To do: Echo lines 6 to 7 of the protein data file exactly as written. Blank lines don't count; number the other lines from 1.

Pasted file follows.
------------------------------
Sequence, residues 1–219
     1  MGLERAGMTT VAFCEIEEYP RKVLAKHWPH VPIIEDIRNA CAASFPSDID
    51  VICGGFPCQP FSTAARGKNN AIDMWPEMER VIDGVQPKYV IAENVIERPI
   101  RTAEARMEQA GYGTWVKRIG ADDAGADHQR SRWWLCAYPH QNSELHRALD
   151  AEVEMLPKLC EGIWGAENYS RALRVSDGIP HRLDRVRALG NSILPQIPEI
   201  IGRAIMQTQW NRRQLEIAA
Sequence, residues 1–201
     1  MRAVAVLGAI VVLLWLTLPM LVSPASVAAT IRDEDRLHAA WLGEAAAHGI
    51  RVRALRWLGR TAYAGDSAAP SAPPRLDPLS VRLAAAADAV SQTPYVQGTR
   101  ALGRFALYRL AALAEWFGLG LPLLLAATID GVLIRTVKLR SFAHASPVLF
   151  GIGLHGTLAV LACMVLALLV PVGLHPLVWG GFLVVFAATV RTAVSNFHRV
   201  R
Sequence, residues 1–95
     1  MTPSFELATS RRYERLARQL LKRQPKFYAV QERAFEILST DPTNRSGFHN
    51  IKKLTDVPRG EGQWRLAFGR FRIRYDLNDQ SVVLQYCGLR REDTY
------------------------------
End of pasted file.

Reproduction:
   201  IGRAIMQTQW NRRQLEIAA
Sequence, residues 1–201